I walked to the other side of the train station where I had spotted a few small hotels earlier. The rain was falling lightly and as I trudged through the water and mud I saw a number of stalled and flooded cars. It looked like rescue crews were out in force now. The far side of the train station looked like it actually had gotten hit worse than the side we were on.

I found a small hotel that also had no power but it did have rooms and quickly returned for Deb and the young adults. We made it to our hotel room still soaked but very happy that we had a warm, dry place to stay for the night. We’d sort everything out the next day.

On the way to the hotel, I got a chance to reflect a bit on what happened. It was scarier than I’d like to admit, especially since Aidan was with me. I’ve been in scarier situations in high school, but it’s very different when you are with your kids. It was also really stressful that we were not all together. I knew Deb and Nev would be just fine – at least rationally. It was painful though not to be able to communicate in any way and I was sure that they were terribly worried.

That night I slept little – or at least, it wasn’t restful sleep. I think I dreamt of every negative scenario that could have happened, from Aidan not having a backpack on that I could grab and having him swept away to getting completely separated from Deb and Nev and not finding each other afterward. On the lighter side, I also dreamt of the zombie apocalypse and seeing all the zombies washed down the street. We all had a good laugh at that one. They are all still pretty vivid to me even now.

The next day we managed to each get a set of clothes that had dried overnight. Most everything else was wet – or wet and muddy in the case of Aidan and me. We made it to the train and on to our Rome flat without incident. We dumped all of our clothes into a wet soggy pile and cranked up the first of many, many loads of laundry.

On the technology front, I was astounded how little we actually lost, especially given the swim Aidan and I had. I did indeed lose my phone, along with my mouse. Aidan’s laptop was dead. Nev’s phone also died.

Very happily, my PC made it through, tucked into my Tortuga backpack laptop pocket. My Kindle made it as well, also reasonably protected by its neoprene sleeve. Aidan saved his phone and iPod because they happened to be in a Ziploc bag. Deb’s Mac and phone were fine, as was Nev’s laptop. They really only had hammering rain and so only the stuff on top was lost.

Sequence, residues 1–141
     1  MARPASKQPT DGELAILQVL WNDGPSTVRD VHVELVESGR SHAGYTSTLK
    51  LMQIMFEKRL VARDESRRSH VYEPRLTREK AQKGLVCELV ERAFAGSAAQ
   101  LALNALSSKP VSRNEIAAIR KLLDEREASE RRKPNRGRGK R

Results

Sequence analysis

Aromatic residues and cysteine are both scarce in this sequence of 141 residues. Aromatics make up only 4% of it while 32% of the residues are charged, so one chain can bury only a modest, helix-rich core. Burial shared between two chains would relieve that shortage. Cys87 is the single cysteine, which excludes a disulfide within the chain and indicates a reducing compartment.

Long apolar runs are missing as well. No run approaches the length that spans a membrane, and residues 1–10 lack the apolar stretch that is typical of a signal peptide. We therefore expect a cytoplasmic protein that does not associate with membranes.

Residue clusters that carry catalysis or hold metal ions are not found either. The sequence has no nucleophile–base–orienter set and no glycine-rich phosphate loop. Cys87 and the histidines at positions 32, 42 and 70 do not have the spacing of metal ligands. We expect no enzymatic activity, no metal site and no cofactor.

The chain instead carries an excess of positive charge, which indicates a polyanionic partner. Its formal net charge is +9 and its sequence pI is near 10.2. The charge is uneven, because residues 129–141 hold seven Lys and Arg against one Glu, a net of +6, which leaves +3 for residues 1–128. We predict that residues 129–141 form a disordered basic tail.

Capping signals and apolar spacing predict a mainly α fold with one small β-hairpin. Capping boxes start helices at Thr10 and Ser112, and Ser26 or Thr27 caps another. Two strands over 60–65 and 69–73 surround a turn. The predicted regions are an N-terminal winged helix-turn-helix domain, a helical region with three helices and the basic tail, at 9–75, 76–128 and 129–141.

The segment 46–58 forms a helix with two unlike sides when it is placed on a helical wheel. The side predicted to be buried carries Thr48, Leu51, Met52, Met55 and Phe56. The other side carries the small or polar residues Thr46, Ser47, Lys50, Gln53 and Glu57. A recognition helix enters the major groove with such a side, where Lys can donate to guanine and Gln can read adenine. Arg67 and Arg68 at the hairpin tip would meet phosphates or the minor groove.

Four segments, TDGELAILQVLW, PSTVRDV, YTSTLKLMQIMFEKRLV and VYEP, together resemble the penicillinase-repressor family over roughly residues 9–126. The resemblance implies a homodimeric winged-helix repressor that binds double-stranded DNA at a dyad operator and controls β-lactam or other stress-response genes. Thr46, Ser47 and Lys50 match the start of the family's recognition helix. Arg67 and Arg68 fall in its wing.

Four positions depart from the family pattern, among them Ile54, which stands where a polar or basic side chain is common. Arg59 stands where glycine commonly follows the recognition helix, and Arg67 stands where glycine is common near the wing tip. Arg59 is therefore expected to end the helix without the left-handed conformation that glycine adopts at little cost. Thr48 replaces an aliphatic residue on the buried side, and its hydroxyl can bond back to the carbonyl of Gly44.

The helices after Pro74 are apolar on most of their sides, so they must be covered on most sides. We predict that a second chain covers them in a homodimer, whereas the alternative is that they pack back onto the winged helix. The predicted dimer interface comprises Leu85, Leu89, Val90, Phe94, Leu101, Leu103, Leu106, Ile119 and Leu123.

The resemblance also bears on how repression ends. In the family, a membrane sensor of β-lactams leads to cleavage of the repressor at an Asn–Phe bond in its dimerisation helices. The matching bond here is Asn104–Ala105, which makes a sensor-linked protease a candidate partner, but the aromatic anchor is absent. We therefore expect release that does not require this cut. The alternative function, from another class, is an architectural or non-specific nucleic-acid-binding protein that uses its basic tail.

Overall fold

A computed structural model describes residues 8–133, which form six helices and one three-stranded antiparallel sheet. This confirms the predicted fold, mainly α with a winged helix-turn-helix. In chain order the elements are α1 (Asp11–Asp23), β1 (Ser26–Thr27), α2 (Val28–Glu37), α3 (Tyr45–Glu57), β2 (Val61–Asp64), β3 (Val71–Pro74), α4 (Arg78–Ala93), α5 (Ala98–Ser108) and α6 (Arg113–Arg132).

Now, a few days later, in some ways it feels like this event happened ages ago. When it’s rained since then, even lightly, I do think about it. And times like this are good at putting all the other minor challenges in perspective.

One of my favorite quotes has always been Nietzsche: “That which does not kill you only makes you stronger.” I think it has. I was extraordinarily proud of how Nev and Aidan handled the whole situation. We can argue and get on each others’ nerves, but we are still a family and I think this is something that has brought us a bit closer. I’d like to think our whole adventure this last year has as well. I can certainly say that the rest of our adventure was far less dramatic. Pura vida

Some Kudos

I have to give a few shout outs after this event. A big thanks goes to the Starhotels President Hotel in Genoa for generously taking care of us after we made it back. Once again, I have big kudos for my Tortuga backpack. I’m not sure how the laptop sleeve kept my PC alive when it was mostly submerged, but I am certainly happy it did! And thanks to the designer at Lowe Alpine (Aidan’s backpack) who thought to put an easily grabbable and strong loop on top of the bag. I can’t even imagine what would have happened if I couldn’t have grabbed it.



It has been several weeks since I’ve last posted about our new adventure – far too long. It’s been a crazy several weeks as we’ve returned from Costa Rica, in two groups, visited with friends, searched for jobs, and more. The whole period has been fun but really has seemed like an interlude between our initial adventure in Costa Rica and our next adventure in Europe. I’m taking some relaxing time now while in the airplane to pause, reflect, and write.

When we last left our intrepid adventurers, I had just finished speaking at Universidad VeritasExperience Design Summit, returned home, went diving with Debbie, and then I and the young adults boarded a long plane trip with most of the luggage to California. Deb was to follow in two weeks with our dogs Lucy and Isis.

The conference was a great way to end my adventure in Costa Rica and in teaching. I met some great folks there, especially the other speakers. The Summit had great energy and the only down side was saying goodbye to my fabulous students. It was one of the best and most enjoyable teaching experiences I’ve ever had. Best of luck in your final year folks!

I had a day home to both go diving and finish final packing and preparations. We had the 6 largest checked bags and 6 carry-ons that were really heavy. I had most of the technology in the carry-ons including several backup drives, batteries, rechargers, and a lot more – the kind of things that usually flag us in security for inspection. Oh yeah, we were bringing our adopted Costa Rican cat, MnM, home in a cat carrier.

The trip back was a long one. We basically went from Liberia in Costa Rica to Atlanta with a long layover to LA where we stayed overnight, slept about 4 hours and then boarded a flight for Oakland, near where my parents live.